From National Geographic:

Bringing extinct species back to life is no longer considered science fiction. But is it a good idea?

Each new woolly mammoth carcass to emerge from the Siberian permafrost triggers a flurry of speculation about resurrecting this Ice Age giant. Researchers have refined at least some of the tools needed to turn that hope into reality. Last November, when a team led by Teruhiko Wakayama, a reproductive biologist based in Kobe, Japan, reported it had cloned mice that had been frozen for 16 years, the scientists conjectured that the same techniques might open the door to cloning mammoths and other extinct species preserved in permafrost. Talk of cloning surged again a few weeks later when a group at Pennsylvania State University, led by Webb Miller and Stephan C. Schuster, published 70 percent of the mammoth genome, laying out much of the basic data that might be required to make a mammoth.

Read more ....

Email 17 Great Historical Moments Ruined by Modern Technology

From Cracked:

Back in the days before the internet, if a man wanted to learn something, he had to open a newspaper. If he needed to kill Germans, he did it with his bare hands. And if he wanted some milk ... well, he had it delivered right to his door.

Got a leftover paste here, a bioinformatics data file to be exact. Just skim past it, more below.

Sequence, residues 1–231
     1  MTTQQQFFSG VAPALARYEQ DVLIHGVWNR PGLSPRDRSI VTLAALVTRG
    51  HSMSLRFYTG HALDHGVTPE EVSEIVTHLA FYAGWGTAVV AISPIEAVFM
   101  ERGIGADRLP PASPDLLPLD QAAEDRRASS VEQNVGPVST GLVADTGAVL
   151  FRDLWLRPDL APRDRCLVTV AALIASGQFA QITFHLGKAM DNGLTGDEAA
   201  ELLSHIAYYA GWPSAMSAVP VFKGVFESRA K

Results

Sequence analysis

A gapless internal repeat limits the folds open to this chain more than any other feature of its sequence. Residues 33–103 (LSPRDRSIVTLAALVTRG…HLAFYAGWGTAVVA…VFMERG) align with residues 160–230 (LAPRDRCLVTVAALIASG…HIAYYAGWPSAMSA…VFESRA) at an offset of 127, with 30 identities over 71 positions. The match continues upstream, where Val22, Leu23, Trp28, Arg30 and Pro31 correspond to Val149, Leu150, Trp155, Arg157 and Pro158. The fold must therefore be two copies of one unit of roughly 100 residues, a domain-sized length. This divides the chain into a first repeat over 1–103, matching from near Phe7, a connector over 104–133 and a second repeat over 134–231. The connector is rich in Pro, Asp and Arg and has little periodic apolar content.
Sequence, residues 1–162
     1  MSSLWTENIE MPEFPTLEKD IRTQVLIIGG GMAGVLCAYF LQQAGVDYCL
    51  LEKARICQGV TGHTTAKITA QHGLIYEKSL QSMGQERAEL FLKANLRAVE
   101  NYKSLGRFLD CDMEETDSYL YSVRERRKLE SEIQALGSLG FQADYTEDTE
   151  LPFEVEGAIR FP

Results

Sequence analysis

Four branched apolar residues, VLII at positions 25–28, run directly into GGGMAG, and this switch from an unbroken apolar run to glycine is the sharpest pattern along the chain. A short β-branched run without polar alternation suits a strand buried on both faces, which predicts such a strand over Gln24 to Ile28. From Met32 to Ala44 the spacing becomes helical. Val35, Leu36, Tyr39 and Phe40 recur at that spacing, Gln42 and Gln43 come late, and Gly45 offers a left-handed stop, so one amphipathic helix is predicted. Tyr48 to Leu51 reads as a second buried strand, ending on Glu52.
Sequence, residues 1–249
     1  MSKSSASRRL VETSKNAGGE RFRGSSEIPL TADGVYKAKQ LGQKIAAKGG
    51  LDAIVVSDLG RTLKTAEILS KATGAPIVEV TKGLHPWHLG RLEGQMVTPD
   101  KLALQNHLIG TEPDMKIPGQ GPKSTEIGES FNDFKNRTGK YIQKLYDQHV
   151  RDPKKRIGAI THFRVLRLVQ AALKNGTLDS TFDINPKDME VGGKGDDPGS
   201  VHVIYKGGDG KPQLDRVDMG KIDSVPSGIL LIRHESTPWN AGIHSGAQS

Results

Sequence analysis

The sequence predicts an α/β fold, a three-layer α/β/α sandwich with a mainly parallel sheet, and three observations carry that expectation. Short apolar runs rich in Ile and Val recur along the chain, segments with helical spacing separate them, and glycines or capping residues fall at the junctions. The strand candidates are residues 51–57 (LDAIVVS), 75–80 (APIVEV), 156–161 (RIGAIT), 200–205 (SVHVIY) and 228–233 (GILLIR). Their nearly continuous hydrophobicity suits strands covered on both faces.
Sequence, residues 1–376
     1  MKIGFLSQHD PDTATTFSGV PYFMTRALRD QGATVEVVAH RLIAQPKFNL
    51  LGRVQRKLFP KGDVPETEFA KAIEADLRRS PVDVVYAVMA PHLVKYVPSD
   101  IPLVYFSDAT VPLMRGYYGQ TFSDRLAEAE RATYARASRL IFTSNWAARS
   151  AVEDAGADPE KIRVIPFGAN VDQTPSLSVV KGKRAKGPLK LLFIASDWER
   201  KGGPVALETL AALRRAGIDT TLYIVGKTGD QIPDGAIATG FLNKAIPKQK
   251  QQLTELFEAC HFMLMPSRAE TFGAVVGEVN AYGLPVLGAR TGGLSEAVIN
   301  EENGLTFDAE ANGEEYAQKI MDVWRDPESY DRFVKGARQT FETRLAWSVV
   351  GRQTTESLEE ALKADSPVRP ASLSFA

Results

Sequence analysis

Yes, everything other than milk acquisition was much more difficult without modern technology. But does that make it worse? We asked you to show us how some famous historic moments would have been ruined if modern technology had existed at the time. The winner is below, but first the runners up ...

Read more ....

Hat Tip Geek Press.

Scientists Trace Laughter Back 16million Years... By Tickling Apes

Amusing research: By analysing the reactions produced by gently tickling ape feet, palms, necks and armpits, Dr Davila Ross has concluded that laughter can be traced back 16million years

From The Daily Mail:

As science experiments go, it was real hoot.

Researchers mapping the evolution of laughter gently tickled the feet, palms, necks and armpits of baby humans and apes.